“I found out that she and Dan to make a plea deal. And she took the deal and he didn’t,” Smart reveals. “So I think there’s also a lot of guilt there as well. That’s why she ended up working for the FBI and he ended up in prison. Which, I suppose in some bizarre, twisted way, is one of the reasons she also sort of turned against masked vigilantes and has such disdain for them. Although, a lot of that I think is more primal. I think it comes from her problems with her mother. Doesn’t everything?”
The beautifully written “Space Junk” was something of an action-packed mini-movie with Smart at the center of it. The problem for Smart wasn’t just the fact she had only a few days to prepare for the role. She’d recently had STEM cell therapy on one of her knees, was in pain, and wearing a knee brace. You’d never know it watching that episode or her performance in the series overall, however.
“I remember telling Damon on the phone. I said, ‘Now I know there’s a scene in the cemetery where I’m supposed to be down in a shooter stance. I can get into a shooter stance, but you’re not going to be able to film me getting into the stance or getting out of the stance,'” Smart recalls with a laugh. “‘It will not be pretty. But I can assume the stance.’ They could not have been kinder about that but I was sort of embarrassed because there was a scene where I had to walk down three steps and they had to actually use a stand-in to walk down the three steps.”
Smart adds, “I did a lot of walking. It was not terribly comfortable, but I mean, it wasn’t harming me. I was having so much fun being a badass. It was like, ‘Yeah, bring it on!'”
One of the biggest revelations in the series surrounds the identity of the super-powered Dr. Manhattan. The world, including Laurie, believes her former boyfriend has left humanity behind and has been living on Mars for decades. Not only was that not the case, but he was right under Laurie and Smart’s nose in a character played by fellow Emmy-nominee Yahya Abdul-Mateen II. A revelation Abdul-Mateen wasn’t even aware of until after shooting a number of episodes as Dr. Manhattan’s new identity, Calvin Abar, the curiously quiet husband of Regina King’s character Angela Abar.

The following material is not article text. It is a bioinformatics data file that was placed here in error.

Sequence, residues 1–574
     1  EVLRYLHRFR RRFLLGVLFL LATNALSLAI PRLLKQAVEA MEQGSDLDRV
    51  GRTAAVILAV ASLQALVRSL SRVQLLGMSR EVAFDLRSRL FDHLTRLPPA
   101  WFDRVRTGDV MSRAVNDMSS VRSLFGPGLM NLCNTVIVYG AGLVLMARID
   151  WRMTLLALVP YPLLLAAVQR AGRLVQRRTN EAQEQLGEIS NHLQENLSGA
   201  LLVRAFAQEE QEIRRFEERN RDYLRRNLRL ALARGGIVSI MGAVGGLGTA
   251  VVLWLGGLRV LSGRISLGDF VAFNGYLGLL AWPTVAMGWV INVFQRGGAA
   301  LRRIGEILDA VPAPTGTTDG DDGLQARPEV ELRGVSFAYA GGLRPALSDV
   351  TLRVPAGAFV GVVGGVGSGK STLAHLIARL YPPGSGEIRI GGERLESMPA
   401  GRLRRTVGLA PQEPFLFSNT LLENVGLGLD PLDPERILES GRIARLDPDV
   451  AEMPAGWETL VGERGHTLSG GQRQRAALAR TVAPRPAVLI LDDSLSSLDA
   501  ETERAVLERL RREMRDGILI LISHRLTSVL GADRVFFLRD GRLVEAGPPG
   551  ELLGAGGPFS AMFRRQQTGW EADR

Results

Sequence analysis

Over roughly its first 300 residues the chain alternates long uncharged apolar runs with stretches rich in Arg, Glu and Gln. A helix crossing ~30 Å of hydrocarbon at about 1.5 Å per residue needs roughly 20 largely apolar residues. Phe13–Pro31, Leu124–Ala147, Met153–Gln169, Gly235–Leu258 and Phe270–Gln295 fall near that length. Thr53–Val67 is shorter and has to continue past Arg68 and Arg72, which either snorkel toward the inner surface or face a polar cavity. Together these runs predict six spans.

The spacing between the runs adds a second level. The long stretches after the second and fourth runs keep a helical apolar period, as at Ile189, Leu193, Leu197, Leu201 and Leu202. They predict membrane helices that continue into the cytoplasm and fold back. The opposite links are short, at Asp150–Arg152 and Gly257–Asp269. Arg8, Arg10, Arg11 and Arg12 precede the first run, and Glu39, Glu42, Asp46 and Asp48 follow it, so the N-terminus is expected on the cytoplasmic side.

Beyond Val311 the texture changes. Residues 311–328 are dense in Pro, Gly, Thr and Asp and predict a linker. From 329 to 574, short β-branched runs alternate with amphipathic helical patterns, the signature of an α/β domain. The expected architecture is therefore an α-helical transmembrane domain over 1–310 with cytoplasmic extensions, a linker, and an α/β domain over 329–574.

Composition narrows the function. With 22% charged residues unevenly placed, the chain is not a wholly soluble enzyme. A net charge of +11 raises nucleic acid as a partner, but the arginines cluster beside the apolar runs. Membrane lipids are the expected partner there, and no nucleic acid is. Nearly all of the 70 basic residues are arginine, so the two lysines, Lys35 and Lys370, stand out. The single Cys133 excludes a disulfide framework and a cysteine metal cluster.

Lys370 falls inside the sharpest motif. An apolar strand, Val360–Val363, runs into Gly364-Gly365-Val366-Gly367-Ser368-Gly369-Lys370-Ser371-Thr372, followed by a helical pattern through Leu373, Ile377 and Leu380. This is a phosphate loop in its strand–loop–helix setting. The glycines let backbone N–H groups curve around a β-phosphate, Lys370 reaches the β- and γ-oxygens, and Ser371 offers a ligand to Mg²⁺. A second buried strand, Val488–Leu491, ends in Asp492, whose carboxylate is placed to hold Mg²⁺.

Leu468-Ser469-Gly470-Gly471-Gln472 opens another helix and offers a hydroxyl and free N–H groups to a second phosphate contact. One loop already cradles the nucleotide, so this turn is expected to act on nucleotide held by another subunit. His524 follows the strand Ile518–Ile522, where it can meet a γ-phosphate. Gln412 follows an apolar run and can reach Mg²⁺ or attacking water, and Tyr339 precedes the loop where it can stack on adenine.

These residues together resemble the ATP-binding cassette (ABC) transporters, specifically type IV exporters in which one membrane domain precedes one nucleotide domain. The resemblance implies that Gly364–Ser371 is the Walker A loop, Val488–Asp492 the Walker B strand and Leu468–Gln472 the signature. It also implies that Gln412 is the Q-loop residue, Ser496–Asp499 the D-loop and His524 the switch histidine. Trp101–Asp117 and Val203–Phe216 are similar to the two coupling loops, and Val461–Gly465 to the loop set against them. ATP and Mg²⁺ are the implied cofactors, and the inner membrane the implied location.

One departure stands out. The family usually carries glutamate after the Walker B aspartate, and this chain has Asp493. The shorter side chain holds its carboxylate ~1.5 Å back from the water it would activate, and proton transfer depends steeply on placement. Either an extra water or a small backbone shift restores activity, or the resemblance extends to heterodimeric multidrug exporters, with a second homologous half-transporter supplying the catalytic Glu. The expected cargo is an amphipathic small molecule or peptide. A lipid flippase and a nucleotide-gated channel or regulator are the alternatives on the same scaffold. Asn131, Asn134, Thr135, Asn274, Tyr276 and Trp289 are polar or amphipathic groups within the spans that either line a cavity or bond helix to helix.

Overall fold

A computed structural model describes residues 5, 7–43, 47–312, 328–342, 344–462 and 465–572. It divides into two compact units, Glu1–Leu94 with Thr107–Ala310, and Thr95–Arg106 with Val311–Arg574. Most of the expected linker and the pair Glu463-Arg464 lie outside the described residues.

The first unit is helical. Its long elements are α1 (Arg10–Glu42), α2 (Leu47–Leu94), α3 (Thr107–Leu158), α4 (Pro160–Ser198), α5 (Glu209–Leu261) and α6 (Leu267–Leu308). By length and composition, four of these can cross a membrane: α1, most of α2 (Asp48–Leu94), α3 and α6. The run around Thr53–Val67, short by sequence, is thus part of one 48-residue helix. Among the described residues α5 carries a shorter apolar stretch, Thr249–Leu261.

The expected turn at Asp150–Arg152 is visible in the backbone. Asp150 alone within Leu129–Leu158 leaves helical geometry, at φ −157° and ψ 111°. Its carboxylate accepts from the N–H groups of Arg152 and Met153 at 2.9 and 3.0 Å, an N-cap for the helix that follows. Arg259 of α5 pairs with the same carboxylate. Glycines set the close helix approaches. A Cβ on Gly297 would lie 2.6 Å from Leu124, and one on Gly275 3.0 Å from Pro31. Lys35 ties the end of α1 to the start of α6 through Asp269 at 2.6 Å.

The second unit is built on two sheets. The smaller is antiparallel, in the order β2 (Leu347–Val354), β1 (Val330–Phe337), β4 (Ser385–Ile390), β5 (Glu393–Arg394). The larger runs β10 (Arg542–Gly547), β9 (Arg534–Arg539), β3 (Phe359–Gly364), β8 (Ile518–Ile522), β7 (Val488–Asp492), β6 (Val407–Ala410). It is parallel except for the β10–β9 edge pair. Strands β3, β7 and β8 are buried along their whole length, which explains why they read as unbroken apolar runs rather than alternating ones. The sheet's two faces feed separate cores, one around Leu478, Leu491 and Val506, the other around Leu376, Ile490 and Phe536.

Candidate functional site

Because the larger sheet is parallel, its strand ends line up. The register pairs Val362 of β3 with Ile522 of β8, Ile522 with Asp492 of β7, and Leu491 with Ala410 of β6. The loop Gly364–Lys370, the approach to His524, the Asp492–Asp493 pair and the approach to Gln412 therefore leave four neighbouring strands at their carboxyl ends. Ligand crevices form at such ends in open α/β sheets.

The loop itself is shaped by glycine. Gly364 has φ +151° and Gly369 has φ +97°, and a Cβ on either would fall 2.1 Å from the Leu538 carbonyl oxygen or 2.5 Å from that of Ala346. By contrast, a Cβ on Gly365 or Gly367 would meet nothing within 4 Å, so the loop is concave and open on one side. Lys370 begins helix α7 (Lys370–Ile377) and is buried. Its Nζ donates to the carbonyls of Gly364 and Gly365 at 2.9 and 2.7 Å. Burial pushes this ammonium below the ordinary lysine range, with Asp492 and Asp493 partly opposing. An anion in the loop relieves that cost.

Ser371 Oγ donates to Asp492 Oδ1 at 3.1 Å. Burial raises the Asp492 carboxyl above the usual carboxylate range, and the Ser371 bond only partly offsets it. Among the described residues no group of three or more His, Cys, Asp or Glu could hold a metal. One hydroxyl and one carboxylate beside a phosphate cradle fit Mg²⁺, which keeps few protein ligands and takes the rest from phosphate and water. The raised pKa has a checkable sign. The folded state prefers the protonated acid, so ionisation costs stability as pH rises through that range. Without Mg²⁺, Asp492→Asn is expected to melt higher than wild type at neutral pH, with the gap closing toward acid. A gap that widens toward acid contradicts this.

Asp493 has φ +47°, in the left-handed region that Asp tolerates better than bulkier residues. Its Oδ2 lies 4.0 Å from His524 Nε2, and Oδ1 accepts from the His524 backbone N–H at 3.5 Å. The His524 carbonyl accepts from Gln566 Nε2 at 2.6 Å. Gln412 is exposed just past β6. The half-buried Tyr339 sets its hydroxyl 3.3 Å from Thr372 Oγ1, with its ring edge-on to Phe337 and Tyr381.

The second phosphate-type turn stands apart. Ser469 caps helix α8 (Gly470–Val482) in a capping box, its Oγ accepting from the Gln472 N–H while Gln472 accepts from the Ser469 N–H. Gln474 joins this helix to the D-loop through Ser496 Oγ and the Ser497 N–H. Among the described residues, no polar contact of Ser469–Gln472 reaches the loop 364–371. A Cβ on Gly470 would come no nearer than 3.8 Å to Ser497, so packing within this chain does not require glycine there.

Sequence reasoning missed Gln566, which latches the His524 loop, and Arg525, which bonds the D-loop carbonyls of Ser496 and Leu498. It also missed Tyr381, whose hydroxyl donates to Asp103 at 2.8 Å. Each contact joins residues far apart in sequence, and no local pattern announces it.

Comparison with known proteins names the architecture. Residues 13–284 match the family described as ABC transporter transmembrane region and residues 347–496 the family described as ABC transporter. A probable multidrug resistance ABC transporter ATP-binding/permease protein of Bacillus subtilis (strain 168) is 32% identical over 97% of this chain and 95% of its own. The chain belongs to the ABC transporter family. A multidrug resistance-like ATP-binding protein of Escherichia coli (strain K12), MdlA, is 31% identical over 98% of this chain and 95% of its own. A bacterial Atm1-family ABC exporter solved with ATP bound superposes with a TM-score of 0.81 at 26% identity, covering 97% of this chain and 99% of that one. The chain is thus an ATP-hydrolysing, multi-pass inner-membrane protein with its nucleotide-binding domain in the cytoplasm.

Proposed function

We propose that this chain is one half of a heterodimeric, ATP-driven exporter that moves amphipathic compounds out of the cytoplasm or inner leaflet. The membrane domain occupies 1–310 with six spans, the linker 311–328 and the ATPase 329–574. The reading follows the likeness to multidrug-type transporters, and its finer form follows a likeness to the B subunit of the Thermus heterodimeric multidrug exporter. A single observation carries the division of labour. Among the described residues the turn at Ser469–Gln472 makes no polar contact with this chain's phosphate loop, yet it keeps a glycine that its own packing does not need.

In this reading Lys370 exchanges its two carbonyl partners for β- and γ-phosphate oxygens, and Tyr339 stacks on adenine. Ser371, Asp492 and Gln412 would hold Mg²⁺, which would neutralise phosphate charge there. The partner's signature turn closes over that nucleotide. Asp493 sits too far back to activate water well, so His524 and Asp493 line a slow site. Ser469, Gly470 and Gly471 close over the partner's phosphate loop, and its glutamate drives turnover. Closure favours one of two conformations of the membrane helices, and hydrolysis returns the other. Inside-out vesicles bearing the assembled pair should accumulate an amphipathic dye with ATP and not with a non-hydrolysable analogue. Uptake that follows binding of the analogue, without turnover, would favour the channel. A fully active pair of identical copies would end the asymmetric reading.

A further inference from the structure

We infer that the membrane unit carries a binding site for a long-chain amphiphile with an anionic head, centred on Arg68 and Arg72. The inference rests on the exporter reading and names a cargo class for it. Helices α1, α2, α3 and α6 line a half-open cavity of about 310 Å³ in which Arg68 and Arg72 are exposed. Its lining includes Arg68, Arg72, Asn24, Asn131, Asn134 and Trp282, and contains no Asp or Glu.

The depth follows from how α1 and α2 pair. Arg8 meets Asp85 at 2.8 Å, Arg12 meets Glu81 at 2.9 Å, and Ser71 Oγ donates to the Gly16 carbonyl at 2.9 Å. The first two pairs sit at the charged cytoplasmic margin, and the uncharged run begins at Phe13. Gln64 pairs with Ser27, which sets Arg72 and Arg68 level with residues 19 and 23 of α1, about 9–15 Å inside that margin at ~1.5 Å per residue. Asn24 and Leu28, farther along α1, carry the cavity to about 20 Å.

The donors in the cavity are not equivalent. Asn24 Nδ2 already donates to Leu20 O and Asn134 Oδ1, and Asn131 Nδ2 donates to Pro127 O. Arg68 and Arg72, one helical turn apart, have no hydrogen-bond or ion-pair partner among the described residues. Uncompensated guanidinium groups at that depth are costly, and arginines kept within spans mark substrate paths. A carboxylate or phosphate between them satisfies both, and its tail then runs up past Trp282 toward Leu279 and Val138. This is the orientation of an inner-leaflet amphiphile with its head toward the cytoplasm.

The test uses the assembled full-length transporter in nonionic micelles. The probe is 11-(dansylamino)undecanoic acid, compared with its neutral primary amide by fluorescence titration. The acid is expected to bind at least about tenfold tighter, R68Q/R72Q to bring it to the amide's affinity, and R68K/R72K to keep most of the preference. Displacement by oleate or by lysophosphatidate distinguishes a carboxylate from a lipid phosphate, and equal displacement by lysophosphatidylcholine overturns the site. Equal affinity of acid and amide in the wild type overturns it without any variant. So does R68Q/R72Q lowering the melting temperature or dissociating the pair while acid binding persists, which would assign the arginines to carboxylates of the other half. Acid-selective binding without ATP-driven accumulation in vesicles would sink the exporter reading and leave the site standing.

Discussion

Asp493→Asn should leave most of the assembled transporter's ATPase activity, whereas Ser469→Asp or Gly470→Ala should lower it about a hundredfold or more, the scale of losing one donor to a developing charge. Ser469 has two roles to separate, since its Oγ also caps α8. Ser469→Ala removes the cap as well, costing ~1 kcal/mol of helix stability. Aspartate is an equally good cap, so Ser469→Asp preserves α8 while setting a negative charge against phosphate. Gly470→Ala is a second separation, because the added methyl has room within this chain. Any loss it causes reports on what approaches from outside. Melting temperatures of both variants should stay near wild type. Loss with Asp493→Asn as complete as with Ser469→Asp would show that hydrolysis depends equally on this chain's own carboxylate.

“I wasn’t quite sure how to deal with it when Laurie finds out that not only Dr.Manhattan is, you know, Jon’s alive and he’s here on earth, he’s not living off on Mars,” Smart says. “Not only that, but he’s also been happily married all these years to Angela. I mean, that was sort of a lot to try to figure out how to react to that.”
Intriguingly, Lindelof and his directing team left it to Smart to determine Laurie’s response to the news. Of course, Smart thought the repercussions of the revelation would be dealt with down the road in a second season. She also hoped Laurie would reunite with Dan and that her relationship with Angela would be expanded on because, as she notes, “There was so much potential there for an interesting partnership/friendship.” Unfortunately, in an announcement that came as a surprise to both the cast and HBO, Lindelof decided after post-production that “Watchmen” should stand alone as one season of television.
The acclaimed writer and showrunner of “Lost” and “The Leftovers” had been slightly cagey during filming around what a second would entail. Smart wanted to know if she’d be back so when a number of the cast and crew ventured out to dinner one night she simply asked.
“I remember Tim [Blake Nelson] said, ‘I can’t believe you just came out and asked him.’ I said, ‘Well,’ because I wanted to know if there was a second season was Laurie going to be part of it? And Damon said, ‘Yes, absolutely. If there’s a second season, Laurie will be very much a part of it.’ And I didn’t ask them anything further than that. I thought, ‘O.K., that’s fine. That’s all I need to know for now.’ So I did think that there was a good chance.”
On the other hand, it also sounds like she wasn’t completely surprised at his decision.
“I also knew that Damon felt like, to use a corny phrase, we left it all out there on the field,” Smart says. “He put so much thought, even into making the decision to say, ‘Yes, I will do this show.”‘ It was a huge decision for him, because the material meant so much to him. And to have the Tulsa Massacre be the sort of inciting incident, was so brilliant. It did not seem imposed upon the story, in that, the ‘Watchmen’ world, that I think he felt like, ‘I did it, I don’t even want to try to best that. It’s done. It’s a package.’ Now, maybe if he wants to write a movie someday, maybe.”
Smart pauses for a moment. And adds, “If he wants to write a movie, I would volunteer for that.”
“Watchmen” is available on HBO and HBO Max.